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Water Softeners
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Water softeners remove calcium, magnesium and certain other metal cations in hard water. The resulting soft water is more compatible with soap and extends the lifetime of plumbing.


How Water Softeners Work
The regeneration process explained

Raw or untreated water passes through the mineral/resin tank and the media contained within it. This media is called resin, or zeolite. The calcium and magnesium carbonate in the water (two elements responsible for water hardness) are attracted to the resin media and are removed before exiting the resin tank. When the resin beads are fully coated, they lose their ability to store hardness. It is then that the salt/brine solution is pumped through the resin tank, releasing the hardness stored on the beads. After flushing the residue during the purge cycle, the beads are recharged and ready to store hardness again.


Four Stages of the Regeneration Cycle Explained

Stage 1: Backwash - The initial stage of regeneration. A cross current is produced to rapidly upflow, or "fluff", the packed resin beads so that brine water can be evenly distributed throughout the resin bed.

Stage 2: Brining (Salt rinse) - This is the most important part of the process. A venturi (suction) allows the brine solution to be pumped from the brine tank into the resin tank and is then slowly rinsed through the resin bed, releasing the hardness content.

Stage 3: Purge (Rapid rinse) - A fast rinse, purging residual brine and hardness through the drain. The resin is now ready to store hardness again.

Stage 4: Brine Refill - Water is refilled to the salt storage tank in order to make brine for the next regeneration process.


Guidelines for Setting Water Softener Regeneration Cycles

The four key factors for determining a proper regeneration schedule are:

  1. The grain capacity contained in the resin tank.
  2. The amount of water consumed in the home.
  3. The amount of reserve capacity allowed.
  4. The amount of hardness present in the water.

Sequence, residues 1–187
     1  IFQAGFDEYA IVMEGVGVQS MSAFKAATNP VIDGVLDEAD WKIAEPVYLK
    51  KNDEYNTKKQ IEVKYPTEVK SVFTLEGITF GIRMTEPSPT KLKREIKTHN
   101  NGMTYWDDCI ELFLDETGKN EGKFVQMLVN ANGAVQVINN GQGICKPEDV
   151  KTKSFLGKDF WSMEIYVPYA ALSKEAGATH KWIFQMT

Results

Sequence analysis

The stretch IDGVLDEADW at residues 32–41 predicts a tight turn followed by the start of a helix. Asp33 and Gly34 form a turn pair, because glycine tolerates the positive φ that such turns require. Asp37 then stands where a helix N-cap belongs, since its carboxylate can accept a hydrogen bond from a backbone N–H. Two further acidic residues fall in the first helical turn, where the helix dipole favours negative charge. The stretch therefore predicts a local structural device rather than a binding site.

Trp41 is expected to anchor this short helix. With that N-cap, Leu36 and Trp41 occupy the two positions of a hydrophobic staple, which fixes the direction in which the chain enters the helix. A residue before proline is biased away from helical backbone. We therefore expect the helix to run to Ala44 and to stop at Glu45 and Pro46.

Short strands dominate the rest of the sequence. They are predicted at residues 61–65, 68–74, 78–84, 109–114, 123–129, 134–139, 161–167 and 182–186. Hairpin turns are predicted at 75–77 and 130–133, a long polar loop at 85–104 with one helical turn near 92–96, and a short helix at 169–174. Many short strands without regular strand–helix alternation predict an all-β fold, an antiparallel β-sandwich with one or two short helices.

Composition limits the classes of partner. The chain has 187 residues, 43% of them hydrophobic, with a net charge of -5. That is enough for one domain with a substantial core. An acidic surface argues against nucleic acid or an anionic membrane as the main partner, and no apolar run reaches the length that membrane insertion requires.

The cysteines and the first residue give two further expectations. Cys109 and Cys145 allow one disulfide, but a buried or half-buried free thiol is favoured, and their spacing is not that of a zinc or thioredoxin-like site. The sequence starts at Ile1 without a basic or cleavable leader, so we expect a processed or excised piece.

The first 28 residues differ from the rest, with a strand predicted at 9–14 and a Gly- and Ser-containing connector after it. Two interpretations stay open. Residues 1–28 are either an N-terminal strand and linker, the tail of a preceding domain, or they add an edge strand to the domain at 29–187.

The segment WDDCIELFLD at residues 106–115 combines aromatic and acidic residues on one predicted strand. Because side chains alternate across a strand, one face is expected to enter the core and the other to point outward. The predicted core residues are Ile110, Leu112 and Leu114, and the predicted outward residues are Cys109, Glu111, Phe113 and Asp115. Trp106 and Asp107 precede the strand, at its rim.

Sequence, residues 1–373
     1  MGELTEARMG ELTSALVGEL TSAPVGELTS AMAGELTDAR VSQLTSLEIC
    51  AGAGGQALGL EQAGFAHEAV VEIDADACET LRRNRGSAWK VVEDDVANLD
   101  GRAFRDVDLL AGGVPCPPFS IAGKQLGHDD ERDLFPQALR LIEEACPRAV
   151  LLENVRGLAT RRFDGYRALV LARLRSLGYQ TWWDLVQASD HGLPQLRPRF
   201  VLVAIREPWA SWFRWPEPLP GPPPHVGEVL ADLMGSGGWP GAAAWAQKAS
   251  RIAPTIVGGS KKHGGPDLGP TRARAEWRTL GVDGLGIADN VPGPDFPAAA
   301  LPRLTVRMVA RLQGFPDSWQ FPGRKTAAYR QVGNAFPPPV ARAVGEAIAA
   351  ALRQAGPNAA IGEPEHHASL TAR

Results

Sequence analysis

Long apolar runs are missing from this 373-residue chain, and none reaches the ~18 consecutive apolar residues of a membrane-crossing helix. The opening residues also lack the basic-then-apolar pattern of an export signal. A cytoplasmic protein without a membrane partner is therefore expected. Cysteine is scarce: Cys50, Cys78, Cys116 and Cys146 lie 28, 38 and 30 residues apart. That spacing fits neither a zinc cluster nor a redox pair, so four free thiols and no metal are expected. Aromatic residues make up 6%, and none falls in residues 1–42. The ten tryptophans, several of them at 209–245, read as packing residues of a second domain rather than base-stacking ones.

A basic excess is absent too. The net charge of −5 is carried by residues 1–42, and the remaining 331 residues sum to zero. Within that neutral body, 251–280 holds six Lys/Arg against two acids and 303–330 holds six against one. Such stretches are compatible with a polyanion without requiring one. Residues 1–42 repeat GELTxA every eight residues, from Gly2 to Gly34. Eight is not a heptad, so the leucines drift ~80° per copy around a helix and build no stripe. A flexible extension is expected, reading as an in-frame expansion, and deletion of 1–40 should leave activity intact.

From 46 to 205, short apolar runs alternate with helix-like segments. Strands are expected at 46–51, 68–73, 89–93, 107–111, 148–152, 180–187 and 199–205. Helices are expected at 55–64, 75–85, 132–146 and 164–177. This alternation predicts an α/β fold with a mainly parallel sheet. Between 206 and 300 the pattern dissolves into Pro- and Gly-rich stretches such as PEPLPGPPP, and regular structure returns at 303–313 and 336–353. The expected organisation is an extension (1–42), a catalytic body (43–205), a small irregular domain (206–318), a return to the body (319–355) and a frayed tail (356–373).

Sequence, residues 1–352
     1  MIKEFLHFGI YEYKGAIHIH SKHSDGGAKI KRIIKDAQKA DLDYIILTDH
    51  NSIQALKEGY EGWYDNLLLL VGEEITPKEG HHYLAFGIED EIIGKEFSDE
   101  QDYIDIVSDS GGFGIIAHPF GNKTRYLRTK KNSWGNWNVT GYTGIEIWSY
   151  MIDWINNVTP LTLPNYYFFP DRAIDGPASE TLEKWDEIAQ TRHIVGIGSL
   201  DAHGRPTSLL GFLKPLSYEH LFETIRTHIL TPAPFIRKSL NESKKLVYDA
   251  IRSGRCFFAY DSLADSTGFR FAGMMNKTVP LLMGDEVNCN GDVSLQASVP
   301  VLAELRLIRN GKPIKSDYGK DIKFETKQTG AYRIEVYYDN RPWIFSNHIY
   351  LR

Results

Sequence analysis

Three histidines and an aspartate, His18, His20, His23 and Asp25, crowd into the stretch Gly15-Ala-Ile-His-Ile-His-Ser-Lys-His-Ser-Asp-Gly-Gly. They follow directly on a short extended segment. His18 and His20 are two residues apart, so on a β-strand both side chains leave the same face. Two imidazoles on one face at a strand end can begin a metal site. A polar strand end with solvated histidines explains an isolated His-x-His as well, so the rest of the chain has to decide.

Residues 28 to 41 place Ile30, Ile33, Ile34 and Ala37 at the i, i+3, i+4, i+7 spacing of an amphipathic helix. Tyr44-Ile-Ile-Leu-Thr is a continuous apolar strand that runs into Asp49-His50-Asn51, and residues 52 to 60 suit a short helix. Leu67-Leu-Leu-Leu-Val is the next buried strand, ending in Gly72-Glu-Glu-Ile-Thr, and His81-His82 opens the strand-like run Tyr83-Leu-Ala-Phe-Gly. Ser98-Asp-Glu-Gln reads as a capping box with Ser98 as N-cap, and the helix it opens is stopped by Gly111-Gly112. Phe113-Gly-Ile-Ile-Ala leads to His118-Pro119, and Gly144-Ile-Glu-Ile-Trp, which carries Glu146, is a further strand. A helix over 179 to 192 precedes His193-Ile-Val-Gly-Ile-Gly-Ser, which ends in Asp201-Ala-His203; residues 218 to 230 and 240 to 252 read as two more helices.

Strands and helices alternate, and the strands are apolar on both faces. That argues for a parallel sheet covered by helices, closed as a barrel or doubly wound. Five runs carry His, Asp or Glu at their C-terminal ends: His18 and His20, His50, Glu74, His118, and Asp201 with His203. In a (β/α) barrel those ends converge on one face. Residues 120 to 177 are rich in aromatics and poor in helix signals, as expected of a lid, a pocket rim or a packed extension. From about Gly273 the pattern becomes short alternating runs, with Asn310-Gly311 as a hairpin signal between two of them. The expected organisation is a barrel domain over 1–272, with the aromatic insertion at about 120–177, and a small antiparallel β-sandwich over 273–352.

Grain Capacity: The amount of resin, generally measured in cubic feet or 1,000 unit increments; 30,000 grains = 1 cubic ft.
Water Consumption: The use of water in the home, calculated in U.S. gallon increments. It is most efficient to determine this figure by obtaining the average water consumption figures on past copies of water department billing statements. If this is not possible, allow for 75 gallons per day average per person, and 75 gallons per day for automatic washer/dishwasher combined.
Reserve Capacity: The amount of grain capacity allowed as a reserve to ensure softened water until the delayed regeneration time occurs.
Water Hardness: The amount of calcium and magnesium carbonate and sulphide, measured in grains per gallon or parts per million.


Water Softener Components

There are three basic components for all water softening systems:
  • Contoller (or head)
  • Mineral tank (also called the resin tank)
  • Brine tank (also called the salt tank)
There are two types of controllers:
  • Demand controlled (also called meter controlled), two types:
    • Solid state
    • Cable and gear driven
  • Time controlled (also called day wheel controlled)
There are two types of brine systems:
  • Dry brine systems (uses a shelf with water underneath)
  • Wet brine systems (no shelf, salt fills the entire tank)
There are three types of power supply:
  • 120 volts (standard wall outlet)
  • 24 volts (transformer plugs into standard wall outlet)
  • Water driven (no electricity used; i.e. Kinetico/Marlo-GLC)
There are two types of regenerant used:
  • Sodium chloride (Solar salt, Rock salt, Pellet salt)
  • Potassium chloride (K-Life)
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